And in those cases, the decisions made by hiring managers on individual candidates or slates are immutable, and not only are you wasting your time following the advice posted to follow up with the intent of changing their mind, but you’re probably pissing off the recruiter and/or hiring manager involved, and certainly pissing away any chance you might have had for future roles at the company.
Awesome, dude – you’ve got some content to throw out there on the internet, which is your job as a marketer. But the advice in there is not only misinformed, it’s irresponsible.
You Can Polish A Turd of a Resume, But You Can’t Make It Shine.
Back in my job board days, I used to have some tangential exposure to things like the National Resume Writer’s Association, which in addition to incorrect punctuation in the name of their friggin’ trade association, offers such gems as:
“Professional resume writers are not just typesetters—their real skill and expertise is defining, positioning, and promoting your job skills and ultimately your career.”
Since this is the professional trade association for these job search parasites, let’s examine that value proposition for a second. Resumes do not position or promote your job skills; they list them.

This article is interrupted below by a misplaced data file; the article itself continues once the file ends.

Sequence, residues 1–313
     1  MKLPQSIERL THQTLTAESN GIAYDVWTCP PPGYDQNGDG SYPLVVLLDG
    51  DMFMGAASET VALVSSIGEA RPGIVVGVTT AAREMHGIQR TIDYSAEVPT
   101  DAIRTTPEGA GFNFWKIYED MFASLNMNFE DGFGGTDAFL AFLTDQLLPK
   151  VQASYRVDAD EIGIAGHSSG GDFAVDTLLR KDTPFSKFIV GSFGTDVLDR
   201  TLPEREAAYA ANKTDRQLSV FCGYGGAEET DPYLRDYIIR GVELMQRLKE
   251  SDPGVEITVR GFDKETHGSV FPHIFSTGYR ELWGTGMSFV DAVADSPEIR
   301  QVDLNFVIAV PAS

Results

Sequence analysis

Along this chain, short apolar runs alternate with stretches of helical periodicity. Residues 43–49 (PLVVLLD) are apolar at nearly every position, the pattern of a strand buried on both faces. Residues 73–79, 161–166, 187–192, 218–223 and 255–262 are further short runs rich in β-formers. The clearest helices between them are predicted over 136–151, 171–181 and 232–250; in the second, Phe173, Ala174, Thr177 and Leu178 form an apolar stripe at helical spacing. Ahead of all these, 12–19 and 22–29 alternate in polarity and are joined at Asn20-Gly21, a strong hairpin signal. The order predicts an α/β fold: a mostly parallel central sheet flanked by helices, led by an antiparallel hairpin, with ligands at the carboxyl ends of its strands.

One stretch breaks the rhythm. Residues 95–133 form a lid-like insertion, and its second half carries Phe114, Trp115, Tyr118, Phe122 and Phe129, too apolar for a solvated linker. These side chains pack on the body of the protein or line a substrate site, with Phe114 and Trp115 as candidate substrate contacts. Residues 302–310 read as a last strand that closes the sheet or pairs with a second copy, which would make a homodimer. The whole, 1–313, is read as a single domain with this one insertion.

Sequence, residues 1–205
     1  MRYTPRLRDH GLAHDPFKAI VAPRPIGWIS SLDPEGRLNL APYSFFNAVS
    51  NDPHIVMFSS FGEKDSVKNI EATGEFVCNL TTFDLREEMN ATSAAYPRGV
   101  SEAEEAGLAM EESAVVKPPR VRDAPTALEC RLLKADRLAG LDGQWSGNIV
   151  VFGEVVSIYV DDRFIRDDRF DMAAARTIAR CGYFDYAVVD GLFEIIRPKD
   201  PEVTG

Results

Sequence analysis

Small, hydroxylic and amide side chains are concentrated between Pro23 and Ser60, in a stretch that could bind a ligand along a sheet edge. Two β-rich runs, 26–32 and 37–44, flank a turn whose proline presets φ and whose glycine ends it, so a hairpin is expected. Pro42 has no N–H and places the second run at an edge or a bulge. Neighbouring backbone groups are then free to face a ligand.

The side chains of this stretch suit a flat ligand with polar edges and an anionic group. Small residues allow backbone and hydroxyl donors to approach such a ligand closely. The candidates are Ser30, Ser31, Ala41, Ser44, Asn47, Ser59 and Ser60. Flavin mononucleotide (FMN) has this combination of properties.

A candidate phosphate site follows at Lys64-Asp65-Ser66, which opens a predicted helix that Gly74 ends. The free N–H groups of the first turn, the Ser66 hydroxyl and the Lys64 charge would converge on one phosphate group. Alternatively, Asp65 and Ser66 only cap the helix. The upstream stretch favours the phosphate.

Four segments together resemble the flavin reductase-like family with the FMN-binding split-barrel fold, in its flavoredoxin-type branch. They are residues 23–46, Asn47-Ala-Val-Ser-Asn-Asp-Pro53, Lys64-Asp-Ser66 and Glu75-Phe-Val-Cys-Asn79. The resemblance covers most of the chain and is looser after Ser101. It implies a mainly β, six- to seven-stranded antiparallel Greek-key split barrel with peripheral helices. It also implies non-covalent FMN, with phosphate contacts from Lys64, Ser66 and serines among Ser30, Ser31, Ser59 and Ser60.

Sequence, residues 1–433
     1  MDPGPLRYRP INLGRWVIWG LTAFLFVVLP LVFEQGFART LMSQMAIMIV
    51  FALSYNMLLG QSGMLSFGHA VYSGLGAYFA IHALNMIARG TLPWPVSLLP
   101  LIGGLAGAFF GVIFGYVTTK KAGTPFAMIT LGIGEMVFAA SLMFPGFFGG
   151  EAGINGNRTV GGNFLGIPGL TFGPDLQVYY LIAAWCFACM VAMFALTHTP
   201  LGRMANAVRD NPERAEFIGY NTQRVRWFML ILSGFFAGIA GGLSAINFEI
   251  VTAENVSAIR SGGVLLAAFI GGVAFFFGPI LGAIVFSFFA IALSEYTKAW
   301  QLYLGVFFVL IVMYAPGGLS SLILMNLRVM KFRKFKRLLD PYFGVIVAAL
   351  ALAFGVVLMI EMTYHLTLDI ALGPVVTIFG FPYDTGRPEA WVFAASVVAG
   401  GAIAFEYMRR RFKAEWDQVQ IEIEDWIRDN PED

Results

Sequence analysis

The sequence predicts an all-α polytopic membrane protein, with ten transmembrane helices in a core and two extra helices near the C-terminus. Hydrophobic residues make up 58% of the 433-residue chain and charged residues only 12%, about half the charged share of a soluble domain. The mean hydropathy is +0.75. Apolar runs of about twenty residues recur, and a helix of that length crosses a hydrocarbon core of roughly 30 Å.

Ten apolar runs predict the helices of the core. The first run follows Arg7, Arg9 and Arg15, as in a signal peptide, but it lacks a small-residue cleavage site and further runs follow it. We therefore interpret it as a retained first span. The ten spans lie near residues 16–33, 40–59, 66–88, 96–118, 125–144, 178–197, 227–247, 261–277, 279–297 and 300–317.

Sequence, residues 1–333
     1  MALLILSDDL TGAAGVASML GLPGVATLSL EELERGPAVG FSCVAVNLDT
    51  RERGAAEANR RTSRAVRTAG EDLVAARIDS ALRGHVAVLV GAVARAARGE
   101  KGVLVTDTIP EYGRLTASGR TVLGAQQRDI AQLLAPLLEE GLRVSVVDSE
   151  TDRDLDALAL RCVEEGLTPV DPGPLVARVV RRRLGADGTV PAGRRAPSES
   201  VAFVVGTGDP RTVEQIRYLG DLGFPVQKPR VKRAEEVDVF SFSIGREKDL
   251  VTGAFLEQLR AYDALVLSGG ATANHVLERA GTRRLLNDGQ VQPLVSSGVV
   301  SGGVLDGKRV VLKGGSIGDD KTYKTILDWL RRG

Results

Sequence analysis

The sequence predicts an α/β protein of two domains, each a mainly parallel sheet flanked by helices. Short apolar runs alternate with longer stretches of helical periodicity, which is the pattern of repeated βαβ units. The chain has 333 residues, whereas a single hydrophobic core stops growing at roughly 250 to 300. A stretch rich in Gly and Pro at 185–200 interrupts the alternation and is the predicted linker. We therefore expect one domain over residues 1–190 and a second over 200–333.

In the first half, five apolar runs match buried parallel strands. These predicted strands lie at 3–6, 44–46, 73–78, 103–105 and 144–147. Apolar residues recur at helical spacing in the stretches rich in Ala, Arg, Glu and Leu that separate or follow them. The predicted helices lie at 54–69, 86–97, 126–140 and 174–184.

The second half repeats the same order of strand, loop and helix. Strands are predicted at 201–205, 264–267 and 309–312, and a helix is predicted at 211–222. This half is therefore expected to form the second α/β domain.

The positioning and promotion happens in other places, like a cover letter, social media or, most often, in a subsequent informational interview. The point of a resume is to see, on paper, whether or not a candidate has a realistic chance in hell of getting the job. And if they do, they still have a really rigorous selection gauntlet to run – and one that’s out of your area of expertise.
But since I’m calling BS on this “trade association” which has been setting the standard of excellence since 1997 – which is when their website appears to have last been updated, I wanted some supporting evidence. And fortunately, there’s a directory on the site of all the people dumb enough to pursue the Nationally Certified Resume Writer credentials.
Here are just a few of the gems:
Laurie Mortenson: Meet Laurie, the first result to return in the search results. I’m not worried about offending her, because she obviously does not read blog posts, or do much of anything online, I’m afraid. In fact, it’s been since 2008 that she’s even had a job other than being a professional resume writer, which kind of undercuts the argument that the members with said credential know what “recruiters today” look for.
If she did, she’d know it was the part about promoting and positioning, but given her 394 LinkedIn connections, sparsely populated profile, poorly worded bio (“As a life-long learner and information junkie, I’m a frequent participant in professional development programs” – oh, do tell more!), I’m guessing she’s probably not too hip to that.
But hey, the 20 likes on her company’s Facebook page indicate some satisfied and engaged customers.